This was me on Sunday morning. Slightly wonky and untidy, a bit crushed after too much excitement but just about still managing to put in an appearance.
We fly, as you are probably familiar by now, by the seat of our pants on Maison Cupcake quite a bit and I botched up these macarons on the same frenetic Friday that I also produced my Kiflice Serbian cheese rolls, some fro-yo and a baked chicken recipe (to be blogged after Christmas) and put the finishing touches to my pumpkin crostata and the Tesco Christmas Cupcake Decorating Challenge.
Yes really, it was one of those days where you astound yourself what you fit in.
Saturday just gone was another. Lunch was at Village East in Bermondsey with a wonderful group of blogging friends, Meeta and Jamie who were visiting from Germany and France together with Hilda, Jeanne, Anne, Michelle, Julia, Catty, Kavey and Eunice.
By 3pm it was time to whizz on to the Food Blogger Connect Pot Luck in South London where I met up with more old friends Beth, Nando, Sari, Arthi, Caroline, Chris and some new ones too! When I got home in the freezing cold at 8pm, I was exhausted but happy.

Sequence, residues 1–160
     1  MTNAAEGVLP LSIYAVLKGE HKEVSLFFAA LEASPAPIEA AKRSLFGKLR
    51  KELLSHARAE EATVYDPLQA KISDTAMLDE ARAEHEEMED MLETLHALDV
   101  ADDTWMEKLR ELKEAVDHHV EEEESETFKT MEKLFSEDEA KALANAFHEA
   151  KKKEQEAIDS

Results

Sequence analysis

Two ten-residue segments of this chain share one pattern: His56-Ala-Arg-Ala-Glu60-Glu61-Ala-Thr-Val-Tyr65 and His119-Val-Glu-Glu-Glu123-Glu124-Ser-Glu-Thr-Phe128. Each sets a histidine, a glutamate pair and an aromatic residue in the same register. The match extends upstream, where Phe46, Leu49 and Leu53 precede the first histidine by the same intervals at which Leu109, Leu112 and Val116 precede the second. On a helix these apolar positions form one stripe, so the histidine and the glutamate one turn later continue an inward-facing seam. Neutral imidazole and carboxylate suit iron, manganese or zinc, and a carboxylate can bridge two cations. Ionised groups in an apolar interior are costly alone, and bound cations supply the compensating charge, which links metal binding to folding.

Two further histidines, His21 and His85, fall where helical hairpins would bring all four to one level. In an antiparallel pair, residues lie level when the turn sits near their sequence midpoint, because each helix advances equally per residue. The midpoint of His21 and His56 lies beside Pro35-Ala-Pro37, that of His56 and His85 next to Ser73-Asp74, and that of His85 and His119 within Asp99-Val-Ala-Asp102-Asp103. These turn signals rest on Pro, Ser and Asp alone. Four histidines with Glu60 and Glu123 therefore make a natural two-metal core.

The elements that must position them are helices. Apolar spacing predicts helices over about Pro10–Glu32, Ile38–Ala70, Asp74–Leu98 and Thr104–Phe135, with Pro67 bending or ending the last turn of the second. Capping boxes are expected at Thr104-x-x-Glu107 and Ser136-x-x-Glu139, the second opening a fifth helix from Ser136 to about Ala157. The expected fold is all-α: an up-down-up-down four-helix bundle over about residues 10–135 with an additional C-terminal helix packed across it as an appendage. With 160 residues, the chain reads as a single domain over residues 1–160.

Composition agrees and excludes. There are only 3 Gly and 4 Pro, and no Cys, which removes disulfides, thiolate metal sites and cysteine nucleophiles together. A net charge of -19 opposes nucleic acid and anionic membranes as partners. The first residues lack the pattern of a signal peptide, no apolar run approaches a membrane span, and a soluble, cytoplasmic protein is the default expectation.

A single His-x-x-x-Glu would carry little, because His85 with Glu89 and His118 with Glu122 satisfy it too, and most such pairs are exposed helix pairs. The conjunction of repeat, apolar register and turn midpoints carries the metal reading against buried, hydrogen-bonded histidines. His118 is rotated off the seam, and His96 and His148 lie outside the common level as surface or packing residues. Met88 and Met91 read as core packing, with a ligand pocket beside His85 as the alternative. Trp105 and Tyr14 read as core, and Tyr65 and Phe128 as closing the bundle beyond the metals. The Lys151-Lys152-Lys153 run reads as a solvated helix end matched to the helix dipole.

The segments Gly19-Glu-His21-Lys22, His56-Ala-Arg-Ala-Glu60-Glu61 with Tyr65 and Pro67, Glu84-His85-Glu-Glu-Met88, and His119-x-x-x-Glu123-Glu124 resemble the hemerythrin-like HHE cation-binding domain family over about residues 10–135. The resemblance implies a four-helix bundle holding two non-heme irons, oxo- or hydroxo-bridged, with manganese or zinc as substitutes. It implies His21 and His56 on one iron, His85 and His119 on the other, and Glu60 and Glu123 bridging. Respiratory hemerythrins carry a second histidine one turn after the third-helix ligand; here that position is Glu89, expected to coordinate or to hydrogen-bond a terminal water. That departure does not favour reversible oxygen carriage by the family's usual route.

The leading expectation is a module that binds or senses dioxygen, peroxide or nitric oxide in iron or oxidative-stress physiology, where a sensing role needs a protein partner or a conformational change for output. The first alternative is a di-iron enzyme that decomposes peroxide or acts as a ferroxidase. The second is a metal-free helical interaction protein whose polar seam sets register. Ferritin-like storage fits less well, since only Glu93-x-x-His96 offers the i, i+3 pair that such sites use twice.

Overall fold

So it is fitting this month to feature my Mactweets entry in my first post written after seeing my lovely friend Jamie, one of my greatest inspirations in macaron making and blogging full stop for that matter.
I have pictures also of Meeta but they didn’t do her loveliness justice so I thought she wouldn’t thank me for posting them here!! Check out everyone else’s blogs for their recaps of Saturday which will no doubt appear soon for they are likely to have taken better pictures than I did in my laziness that day.
Mactweets is Jamie and Deeba of Passionate About Baking ‘s monthly macaron challenge. I try to get to their mac party most months although despite foolhardy success in front of Greg Wallace and John Torode back in July, lately I seem to have lost my macaron-acity again.
This month’s theme was autumn. I have a confession. My homage to autumn was filling them with pumpkin pastry cream as used in the Daring Bakers pumpkin crostata.